Step 1: Stop the bleeding Budget

As it stands right now, Illinois goes $10 Billion further into debt every year, with 700 Million in tax payer dollars being paid out in interest.  Without radical reforms, the hole we are in will only get deeper and deeper, with less and less of our tax dollars going to benefit us.

1) Graduated Income Tax - We need to make Illinois a flat tax state. Immediately sounds backward, doesn't it.  A graduated income tax makes Illinois a flat tax state? Yes!! Because there's more taxes than just income tax!  When you break down how much people in Illinois pay in State and Local taxes by income, this is what it looks like:

$0 - $19,000                 13.2% of income - Lowest 20% of incomes

$19,000 - $38,000        11.8% of income - Next 20% of incomes

$38,000 - $61,000        10.8% of income - Next 20% of incomes

$61,000 - $99,000        10.1% of income - Next 20% of incomes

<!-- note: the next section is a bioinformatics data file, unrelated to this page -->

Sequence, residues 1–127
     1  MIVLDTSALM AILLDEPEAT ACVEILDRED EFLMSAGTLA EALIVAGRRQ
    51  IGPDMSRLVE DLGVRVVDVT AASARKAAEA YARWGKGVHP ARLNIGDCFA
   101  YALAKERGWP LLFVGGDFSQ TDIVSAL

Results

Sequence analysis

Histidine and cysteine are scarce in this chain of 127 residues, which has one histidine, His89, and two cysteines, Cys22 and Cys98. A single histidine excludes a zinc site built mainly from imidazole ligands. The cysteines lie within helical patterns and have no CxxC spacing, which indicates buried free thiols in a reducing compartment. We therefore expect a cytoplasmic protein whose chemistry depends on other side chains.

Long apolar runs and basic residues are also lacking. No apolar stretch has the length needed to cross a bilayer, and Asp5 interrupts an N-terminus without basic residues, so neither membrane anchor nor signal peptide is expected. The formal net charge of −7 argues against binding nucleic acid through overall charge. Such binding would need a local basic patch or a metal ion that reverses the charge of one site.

$99,000 - $202.000      8.7% of income - Next 15% of incomes

$202,000 - $498,000    7.4% of income - Next 4% of incomes

+$498,000                    4.6% of income - Top 1% of incomes

With a Graduated Income tax mirroring the rates of Minnesota at 5.35%, 7.05%, 7.85%, and 9.85%, we can return equity to the tax system, and make it so everyone contributes their fair share. New revenue from making the top incomes in the state pay their fair share? $13.6 Billion

2) Recreational Cannabis Tax - With the referendum in Cook County voicing overwhelming support for a recreational cannabis system like Washington, Colorado, Oregon, California, Nevada, Alaska, Vermont, Massachusetts, and Maine have already have; the legislature needs to respect the will of the voters. To the tune of $350-$700 Million in new tax revenue.

3) LaSalle Street Tax - This is a tax on two of the largest financial markets in the world, the Chicago Mercantile Exchange and the Chicago Board Options Exchange.  The total value of all trades on these two exchanges is 900 Trillion, yes with a T, Trillion dollars.  A bill for this tax is already in the works in the Illinois Senate, SB 1970, with six co-sponsors, and it needs to be brought to the House.  The plan is for a $1 contract fee on all agricultural futures and future options, and a $2 contract fee on all other futures, future options, and stock index options traded. With the average contract being $225,000, the LaSalle Street Tax ends up being less than 2/1000th of a percent of the average contract. New revenue for the State budget, $10 Billion.